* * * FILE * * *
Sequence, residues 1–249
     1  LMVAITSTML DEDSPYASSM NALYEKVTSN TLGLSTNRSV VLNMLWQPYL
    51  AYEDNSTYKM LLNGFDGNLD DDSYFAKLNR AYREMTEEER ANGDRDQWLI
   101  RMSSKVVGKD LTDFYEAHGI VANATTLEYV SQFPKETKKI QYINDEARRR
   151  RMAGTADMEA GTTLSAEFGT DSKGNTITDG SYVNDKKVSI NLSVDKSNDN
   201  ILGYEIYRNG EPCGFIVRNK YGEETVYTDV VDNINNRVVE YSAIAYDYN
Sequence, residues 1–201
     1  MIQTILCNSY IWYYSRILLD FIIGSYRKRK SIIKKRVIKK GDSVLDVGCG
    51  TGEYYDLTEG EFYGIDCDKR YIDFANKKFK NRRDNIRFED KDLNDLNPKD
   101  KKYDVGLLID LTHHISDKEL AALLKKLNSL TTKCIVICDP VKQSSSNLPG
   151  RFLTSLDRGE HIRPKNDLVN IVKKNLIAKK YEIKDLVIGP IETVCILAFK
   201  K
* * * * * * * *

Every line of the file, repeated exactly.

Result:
Sequence, residues 1–249
     1  LMVAITSTML DEDSPYASSM NALYEKVTSN TLGLSTNRSV VLNMLWQPYL
    51  AYEDNSTYKM LLNGFDGNLD DDSYFAKLNR AYREMTEEER ANGDRDQWLI
   101  RMSSKVVGKD LTDFYEAHGI VANATTLEYV SQFPKETKKI QYINDEARRR
   151  RMAGTADMEA GTTLSAEFGT DSKGNTITDG SYVNDKKVSI NLSVDKSNDN
   201  ILGYEIYRNG EPCGFIVRNK YGEETVYTDV VDNINNRVVE YSAIAYDYN
Sequence, residues 1–201
     1  MIQTILCNSY IWYYSRILLD FIIGSYRKRK SIIKKRVIKK GDSVLDVGCG
    51  TGEYYDLTEG EFYGIDCDKR YIDFANKKFK NRRDNIRFED KDLNDLNPKD
   101  KKYDVGLLID LTHHISDKEL AALLKKLNSL TTKCIVICDP VKQSSSNLPG
   151  RFLTSLDRGE HIRPKNDLVN IVKKNLIAKK YEIKDLVIGP IETVCILAFK
   201  K